Theodore Reed, 90, ex-chief of National Zoo

Posted: July 13, 2013

Theodore "Ted" Reed, 90, who transformed the National Zoo into an international destination, most notably through the acquisition of two Chinese giant pandas that sparked Washington's love affair with the black-and-white bears, died July 2 of complications from Alzheimer's disease at a nursing home in Milford, Del., said his son, Mark Reed, executive director of the Sedgwick County Zoo in Wichita, Kan.

Tall, bespectacled, and with a full red beard, Theodore Reed was a 34-year-old veterinarian in 1956 when he took over the modest-size National Zoo in Washington. At the time, he was among the nation's youngest directors of an animal park, and during the next 27 years, he vastly broadened its scope and ambition.

Mr. Reed created the zoo's Scientific Research Department in the mid-1960s to study animal behavior, reproduction, and breeding. In 1975, he oversaw the transfer of 3,000 acres in Front Royal, Va., to the Smithsonian Institution to set up what is now the zoo's Conservation Biology Institute, which conducts breeding research and programs for endangered and exotic species.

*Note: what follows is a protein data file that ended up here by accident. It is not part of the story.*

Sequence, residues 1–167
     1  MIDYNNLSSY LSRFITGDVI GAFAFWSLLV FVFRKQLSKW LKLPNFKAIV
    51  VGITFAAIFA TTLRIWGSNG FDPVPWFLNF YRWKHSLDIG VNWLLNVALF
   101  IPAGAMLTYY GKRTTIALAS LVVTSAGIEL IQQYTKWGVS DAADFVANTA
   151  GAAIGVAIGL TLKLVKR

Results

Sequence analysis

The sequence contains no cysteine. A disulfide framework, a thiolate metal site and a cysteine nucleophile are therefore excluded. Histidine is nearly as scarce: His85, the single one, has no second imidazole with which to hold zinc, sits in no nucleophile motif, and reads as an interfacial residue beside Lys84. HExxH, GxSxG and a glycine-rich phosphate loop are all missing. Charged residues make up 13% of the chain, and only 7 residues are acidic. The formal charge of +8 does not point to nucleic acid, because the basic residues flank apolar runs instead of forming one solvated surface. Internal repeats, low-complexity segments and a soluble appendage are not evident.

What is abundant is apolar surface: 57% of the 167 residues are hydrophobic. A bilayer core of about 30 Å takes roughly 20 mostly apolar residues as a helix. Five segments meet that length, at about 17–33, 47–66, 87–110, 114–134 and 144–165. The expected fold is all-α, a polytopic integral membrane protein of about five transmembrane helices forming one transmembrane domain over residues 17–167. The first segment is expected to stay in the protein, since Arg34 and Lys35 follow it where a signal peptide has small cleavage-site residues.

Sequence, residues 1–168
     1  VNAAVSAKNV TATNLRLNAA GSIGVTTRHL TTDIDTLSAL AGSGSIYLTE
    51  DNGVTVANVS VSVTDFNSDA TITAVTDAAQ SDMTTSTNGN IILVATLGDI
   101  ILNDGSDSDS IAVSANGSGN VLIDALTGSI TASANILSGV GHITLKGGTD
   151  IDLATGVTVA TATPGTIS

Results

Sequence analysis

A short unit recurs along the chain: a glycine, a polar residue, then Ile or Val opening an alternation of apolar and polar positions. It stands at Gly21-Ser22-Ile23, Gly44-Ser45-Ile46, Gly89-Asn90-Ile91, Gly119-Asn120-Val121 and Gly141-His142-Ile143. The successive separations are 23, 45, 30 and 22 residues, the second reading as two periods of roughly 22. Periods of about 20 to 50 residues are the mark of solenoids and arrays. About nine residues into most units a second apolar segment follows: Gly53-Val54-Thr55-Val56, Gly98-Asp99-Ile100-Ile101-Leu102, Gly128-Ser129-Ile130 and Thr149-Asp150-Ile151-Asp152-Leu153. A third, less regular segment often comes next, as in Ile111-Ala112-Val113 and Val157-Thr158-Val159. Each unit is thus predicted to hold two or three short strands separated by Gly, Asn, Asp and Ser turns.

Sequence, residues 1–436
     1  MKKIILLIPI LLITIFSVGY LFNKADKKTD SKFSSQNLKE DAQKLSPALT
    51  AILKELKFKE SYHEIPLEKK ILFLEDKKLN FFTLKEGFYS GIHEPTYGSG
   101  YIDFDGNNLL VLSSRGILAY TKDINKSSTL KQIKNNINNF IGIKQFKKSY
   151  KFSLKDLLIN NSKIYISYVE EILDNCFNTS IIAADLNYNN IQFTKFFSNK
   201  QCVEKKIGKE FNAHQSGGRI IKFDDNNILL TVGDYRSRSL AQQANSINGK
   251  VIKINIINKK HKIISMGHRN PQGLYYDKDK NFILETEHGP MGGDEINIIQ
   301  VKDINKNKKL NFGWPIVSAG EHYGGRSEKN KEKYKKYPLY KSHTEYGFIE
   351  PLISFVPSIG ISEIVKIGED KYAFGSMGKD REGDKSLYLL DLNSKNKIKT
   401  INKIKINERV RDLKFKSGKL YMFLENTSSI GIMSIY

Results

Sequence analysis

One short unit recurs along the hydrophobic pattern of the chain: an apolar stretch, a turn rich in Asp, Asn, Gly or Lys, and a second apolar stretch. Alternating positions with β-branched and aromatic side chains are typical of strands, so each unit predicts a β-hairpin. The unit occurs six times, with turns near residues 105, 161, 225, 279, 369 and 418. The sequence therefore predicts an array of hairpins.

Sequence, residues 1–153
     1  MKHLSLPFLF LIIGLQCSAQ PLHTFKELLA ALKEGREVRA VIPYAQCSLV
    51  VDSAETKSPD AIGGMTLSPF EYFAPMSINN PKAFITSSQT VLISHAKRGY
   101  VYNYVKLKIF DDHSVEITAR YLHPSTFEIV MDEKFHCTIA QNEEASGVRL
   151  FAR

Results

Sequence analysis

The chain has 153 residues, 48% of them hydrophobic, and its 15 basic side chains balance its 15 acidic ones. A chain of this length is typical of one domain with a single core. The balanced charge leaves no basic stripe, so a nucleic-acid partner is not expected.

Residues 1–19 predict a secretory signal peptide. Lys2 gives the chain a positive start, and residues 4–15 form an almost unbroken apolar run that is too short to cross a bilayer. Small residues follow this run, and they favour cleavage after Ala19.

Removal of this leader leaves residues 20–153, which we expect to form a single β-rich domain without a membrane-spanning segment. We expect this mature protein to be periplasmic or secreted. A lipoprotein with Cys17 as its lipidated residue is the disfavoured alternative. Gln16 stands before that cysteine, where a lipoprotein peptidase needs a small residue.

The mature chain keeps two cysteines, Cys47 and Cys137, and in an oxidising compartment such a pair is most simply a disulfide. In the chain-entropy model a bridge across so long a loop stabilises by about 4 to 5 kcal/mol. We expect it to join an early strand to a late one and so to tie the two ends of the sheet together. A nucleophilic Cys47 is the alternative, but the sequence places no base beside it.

The giant pandas Mr. Reed obtained for the zoo in 1972 - a male named Hsing-Hsing and a female named Ling-Ling - were reportedly the first in the United States in more than 20 years. Moreover, they had political clout. They were a goodwill gesture from communist China after then-President Richard Nixon's landmark visit there to renew diplomatic ties. Nixon reportedly selected the National Zoo over at least four other big-city zoos because it was taxpayer funded.

Mr. Reed was also responsible for the zoo's acquisition of an Indian white tigress named Mohini in 1960 -the only ever exhibited in the country at the time - and a pair of Komodo dragons from the Indonesian government in 1964.

He successfully urged the creation in 1958 of Friends of the National Zoo, a membership-supported scientific and educational group for the zoo, which does not charge admission.

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